Have We Forgotten How to Listen?

About the Author

Thanks to Janet Morrison of Harrisburg, NC for accepting our invitation to elaborate on her comment on Harry Strong’s Biases series. Janet is a writer, blogger, and published author. Information about Janet and her work is available on Janet’s Writing Blog or Janet Morrrison Books.com. Views from the Edge added the headings and graphics to the original text of “Have We Forgotten How to Listen?”

Have We Forgotten How to Listen?

by Janet Morrison

Throughout much of 2021 I participated in an online group discussion of LEAPFROG: How to Hold a Civil Conversation in an Uncivil Era, by Janet Givens, M.A. The recent “Blind Biases” series of posts by Harry L. Strong on Gordon C. Stewart’s “Views from the Edge” blog reminded me of Ms. Givens’ thought-provoking book. 

How do we have that difficult conversation with someone with whom we disagree? 

Our nation is more polarized now than in any other time in my life. The assassination of a U.S. President, the Civil Rights Movement, the racial desegregation of the public school I attended, the “Cold War,” the anti-Vietnam War demonstrations, the near-eradication of polio, the “space race” with the U.S.S.R., the tearing down of the Berlin Wall, the breaking up of the Soviet Union, the advent of the internet, 9/11, global warming, and an attempted coup at the U.S. Capitol have been the soundtrack of my life.

From verbal filters to open floodgates

Whereas, polite society used to dictate a level of restraint in public discourse, social media and a former U.S. President who demonstrated no such verbal filter, opened the floodgates for anyone and everyone to voice their opinions as often and as loudly as they desired. 

The result of this shift is that the individuals with the most extreme views feel emboldened to not only voice their opinions but to launch vile personal attacks against anyone who dares to disagree. With all filters turned off, we have transitioned into a country in which everyone is expressing their opinions and no one is listening.

LEAPFROG

The “L” in Ms. Givens’ LEAPFROG book stands for listening. It made me think about the necessity of listening if we’re to have a productive conversation on any level.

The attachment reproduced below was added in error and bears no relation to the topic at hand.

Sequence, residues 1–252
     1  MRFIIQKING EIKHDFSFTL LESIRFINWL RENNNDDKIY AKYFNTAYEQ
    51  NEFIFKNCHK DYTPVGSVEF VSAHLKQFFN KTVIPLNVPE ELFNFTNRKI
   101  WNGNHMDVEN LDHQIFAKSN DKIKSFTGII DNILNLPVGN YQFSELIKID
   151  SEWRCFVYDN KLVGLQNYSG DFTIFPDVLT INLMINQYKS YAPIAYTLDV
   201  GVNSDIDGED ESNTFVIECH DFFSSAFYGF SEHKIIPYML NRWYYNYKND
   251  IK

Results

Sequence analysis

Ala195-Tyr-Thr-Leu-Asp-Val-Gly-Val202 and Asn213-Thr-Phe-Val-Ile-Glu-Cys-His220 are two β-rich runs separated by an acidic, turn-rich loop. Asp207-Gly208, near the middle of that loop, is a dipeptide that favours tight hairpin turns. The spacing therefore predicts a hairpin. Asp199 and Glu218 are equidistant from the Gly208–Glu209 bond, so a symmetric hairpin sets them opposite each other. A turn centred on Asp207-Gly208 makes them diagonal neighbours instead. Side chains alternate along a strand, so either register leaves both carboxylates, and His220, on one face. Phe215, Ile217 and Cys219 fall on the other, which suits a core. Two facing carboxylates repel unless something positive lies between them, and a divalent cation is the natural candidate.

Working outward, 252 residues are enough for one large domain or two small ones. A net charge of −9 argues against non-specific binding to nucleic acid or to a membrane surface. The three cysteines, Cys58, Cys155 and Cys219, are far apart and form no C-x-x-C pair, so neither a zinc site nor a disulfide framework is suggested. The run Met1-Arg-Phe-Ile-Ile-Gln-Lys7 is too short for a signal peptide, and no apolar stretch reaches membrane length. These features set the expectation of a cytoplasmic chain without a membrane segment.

In our compulsion to force our ideas down the throats of others, we’ve lost our ability to listen. 

When’s the last time you listened to someone whose views on politics differed from yours? No. I mean, did you really listen? Or were you so wrapped up in your viewpoint and your desire to convert the other person to your way of thinking that you didn’t genuinely listen to the other party?

We’re all guilty. We’ve not only brought all our biases to the table; we’ve forgotten our table manners. 

We’ve forgotten how to listen.

Alert and ready for the Unexpected 

Merriam-Webster’s Collegiate Dictionary, Tenth Edition, 2001 defines the word listen as follows: “(1) to pay attention to sound…; (2) to hear something with thoughtful attention:  give consideration…; (3) to be alert to catch an expected sound.” If I may be so bold, I would add a fourth: to be alert to catch an unexpected sound, or word, or explanation. 

Our modern lives are filled with noise. The TV is always on at home. The radio is always on in the car, often tuned into talk radio. Music or a cellphone conversation is always playing in our ears. We’re so attuned to hearing something 24/7 that we can’t go grocery shopping or jogging without having earbuds in our ears. Silence makes us uneasy. Without being aware of it, we’ve trained ourselves to listen to what we want to hear, and this training has conditioned us not to have to listen to anything we don’t want to hear.

Our modern lives are filled with noise. The TV is always on at home. The radio is always on in the car, often tuned into talk radio. Music or a cellphone conversation is always playing in our ears. We’re so attuned to hearing something 24/7 that we can’t go grocery shopping or jogging without having earbuds in our ears. Silence makes us uneasy. Without being aware of it, we’ve trained ourselves to listen to what we want to hear, and this training has conditioned us not to have to listen to anything we don’t want to hear.